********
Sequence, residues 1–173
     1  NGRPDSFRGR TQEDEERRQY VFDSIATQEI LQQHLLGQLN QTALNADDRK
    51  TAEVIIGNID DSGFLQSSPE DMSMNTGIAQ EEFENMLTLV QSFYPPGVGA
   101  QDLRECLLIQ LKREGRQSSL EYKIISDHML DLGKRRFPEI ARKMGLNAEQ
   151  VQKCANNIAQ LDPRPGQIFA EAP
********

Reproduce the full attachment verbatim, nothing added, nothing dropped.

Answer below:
Sequence, residues 1–173
     1  NGRPDSFRGR TQEDEERRQY VFDSIATQEI LQQHLLGQLN QTALNADDRK
    51  TAEVIIGNID DSGFLQSSPE DMSMNTGIAQ EEFENMLTLV QSFYPPGVGA
   101  QDLRECLLIQ LKREGRQSSL EYKIISDHML DLGKRRFPEI ARKMGLNAEQ
   151  VQKCANNIAQ LDPRPGQIFA EAP